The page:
The plaintiff relies primarily on two cases to support his contract-contact theory of personal jurisdiction. In O'Connor v. Fischbein, 2010 WL 1053220 (E.D.Pa. March 16, 2010), the defendant was a contracted employee of a Pennsylvania professional corporation (a law firm), but worked in New York. Id. at *1. The plaintiff, per the terms of the employment contract, agreed to loan the defendant $250, 000. After the defendant was terminated, the plaintiff corporation demanded the loan be paid back in installments over a three-year period. The defendant sent five letters and made one phone call to the corporation's Philadelphia office before the litigation commenced. Id. at *4. O'Connor dealt with an individual who contracted to work for a Pennsylvania corporation. Moreover, the defendant borrowed money from that corporation based on the terms of his contract. He was paid a salary by the Pennsylvania corporation in exchange for his services. Although that court specifically noted the letters and phone calls, the nature of the contract, including the loan provision, supported finding personal jurisdiction. No such relationship exists here with an established Pennsylvania entity. This case springs from a failed property transaction for land in New Jersey. The contact here does not intertwine the defendants to a Pennsylvania corporation via an employment agreement or create any ongoing obligations to the forum state.

The other case cited by the defendant, Remick v. Manfredy, 238 F.3d 248 (3d. Cir. 2001), is in line with O'Connor and does not mirror the facts presented here. In that case, a defendant reached out to a Pennsylvania law firm for representation in contract negotiations. The parties entered into a fee agreement governed by the Pennsylvania Rules of Professional Conduct and Pennsylvania law. Id. at 256. The defendant sent at least one payment to the plaintiff per the contracts requirements and the plaintiff conducted various legal services on the defendant's behalf in Pennsylvania. Id. Again, the defendant purposefully engaged in an on-going relationship with a Pennsylvania entity for services springing from the forum state. Moreover, the attorney-client relationship is akin to agency, making the attorney's actions in Pennsylvania attributable to the defendant. Here, the agreement merely involved a Pennsylvania owner and his attorney negotiating a sale of New Jersey property per a real estate contract governed by New Jersey law. This forum's involvement is incidental to the agreement and does not form the basis of any on-going or future impact within the forum.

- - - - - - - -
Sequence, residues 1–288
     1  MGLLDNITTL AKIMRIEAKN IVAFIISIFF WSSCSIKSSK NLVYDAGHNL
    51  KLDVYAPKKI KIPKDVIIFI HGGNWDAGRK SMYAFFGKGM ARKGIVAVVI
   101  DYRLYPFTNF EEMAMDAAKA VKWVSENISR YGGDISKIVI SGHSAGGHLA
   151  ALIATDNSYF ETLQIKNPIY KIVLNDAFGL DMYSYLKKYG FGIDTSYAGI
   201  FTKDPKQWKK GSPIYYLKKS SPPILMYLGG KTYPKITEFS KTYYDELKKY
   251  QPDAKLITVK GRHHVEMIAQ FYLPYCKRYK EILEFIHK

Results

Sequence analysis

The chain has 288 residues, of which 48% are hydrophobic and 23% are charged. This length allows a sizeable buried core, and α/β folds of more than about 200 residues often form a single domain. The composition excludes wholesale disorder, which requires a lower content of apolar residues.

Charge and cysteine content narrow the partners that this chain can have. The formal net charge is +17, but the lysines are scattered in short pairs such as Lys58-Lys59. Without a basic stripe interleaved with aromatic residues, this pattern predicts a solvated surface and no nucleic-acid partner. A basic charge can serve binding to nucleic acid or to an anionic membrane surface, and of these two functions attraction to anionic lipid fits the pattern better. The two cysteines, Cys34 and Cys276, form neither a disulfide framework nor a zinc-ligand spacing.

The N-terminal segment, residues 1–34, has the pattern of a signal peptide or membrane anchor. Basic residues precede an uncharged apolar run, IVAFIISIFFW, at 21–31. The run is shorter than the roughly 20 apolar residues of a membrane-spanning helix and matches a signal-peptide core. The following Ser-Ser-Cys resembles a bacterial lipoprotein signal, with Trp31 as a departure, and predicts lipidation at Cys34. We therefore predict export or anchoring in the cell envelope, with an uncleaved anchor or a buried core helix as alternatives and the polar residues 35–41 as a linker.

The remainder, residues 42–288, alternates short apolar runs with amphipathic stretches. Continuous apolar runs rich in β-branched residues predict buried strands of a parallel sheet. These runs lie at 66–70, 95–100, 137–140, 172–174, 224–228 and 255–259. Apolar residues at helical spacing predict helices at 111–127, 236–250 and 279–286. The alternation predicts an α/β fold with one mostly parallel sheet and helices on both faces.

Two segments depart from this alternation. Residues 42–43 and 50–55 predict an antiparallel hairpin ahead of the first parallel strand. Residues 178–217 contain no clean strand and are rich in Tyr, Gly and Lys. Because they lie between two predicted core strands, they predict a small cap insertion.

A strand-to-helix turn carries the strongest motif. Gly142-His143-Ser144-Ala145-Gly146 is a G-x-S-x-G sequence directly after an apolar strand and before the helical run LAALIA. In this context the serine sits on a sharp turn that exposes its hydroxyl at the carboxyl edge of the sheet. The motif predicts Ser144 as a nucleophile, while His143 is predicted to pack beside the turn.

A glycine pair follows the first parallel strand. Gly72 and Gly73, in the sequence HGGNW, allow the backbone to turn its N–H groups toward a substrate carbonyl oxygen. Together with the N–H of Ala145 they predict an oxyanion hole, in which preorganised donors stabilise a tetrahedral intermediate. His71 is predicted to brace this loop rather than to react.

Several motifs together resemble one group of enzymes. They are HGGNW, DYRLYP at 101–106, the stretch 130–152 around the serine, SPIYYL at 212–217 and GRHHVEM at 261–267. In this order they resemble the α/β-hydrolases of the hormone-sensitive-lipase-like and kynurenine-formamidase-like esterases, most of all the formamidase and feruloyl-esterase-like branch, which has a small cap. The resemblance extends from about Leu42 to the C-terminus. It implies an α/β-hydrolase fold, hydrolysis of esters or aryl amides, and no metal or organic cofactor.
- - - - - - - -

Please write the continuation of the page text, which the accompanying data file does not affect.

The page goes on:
Taken together, O'Connor and Remick follow the Burger King line of reasoning in that the nature of the relationship formed by the contract is central to the analysis. Although those courts considered the communications between the parties, it was the defendants who reached out to the forum and engaged in contractual activity within the forum itself. Those contacts reasonably brought the defendants within the state's jurisdiction as they benefitted directly from the laws and protections afforded by those respective forum states. A contract to convey real estate in another state does not require the same obligations that an employment contract, a legal representation agreement, or franchise relationship entail. Further, it was obvious to both defendants in O'Connor and Remick that when they engaged in such conduct, i.e. reaching out to the forum for specific purposes, the entirety of their activity was directed toward Pennsylvania. Here, the defendants attempted to purchase property in New Jersey through their New Jersey realtor. Moreover, they signed an agreement under New Jersey law requiring the funds to be held by the plaintiff's New Jersey realtor. See Mellon Bank, 960 F.2d at 1226 (sufficient minimum contacts when defendants solicited business from Pennsylvania bank, received a loan from that bank, secured loan by mortgaging property and personal guarantees to that bank, and had direct contact with the bank, including loan payments). Finally, the contract, aside from being mailed to the plaintiff in Pennsylvania, did not involve Pennsylvania law or establish any lasting relationship with the forum state.

In light of those decisions and the above discussion, the court finds the five letters and two emails do not constitute sufficient contact with this forum given the nature and purpose of the contract. The defendants' relationship to Pennsylvania is tenuous and incidental by way of the plaintiff's residency. As such, the court lacks personal jurisdiction and is compelled to dismiss this action. As that determination is dispositive, the court need not address the defendants' other arguments.

V. Conclusion

For the reasons discussed above, the defendants' motion to dismiss, (Doc. 7), is GRANTED. An appropriate order shall follow.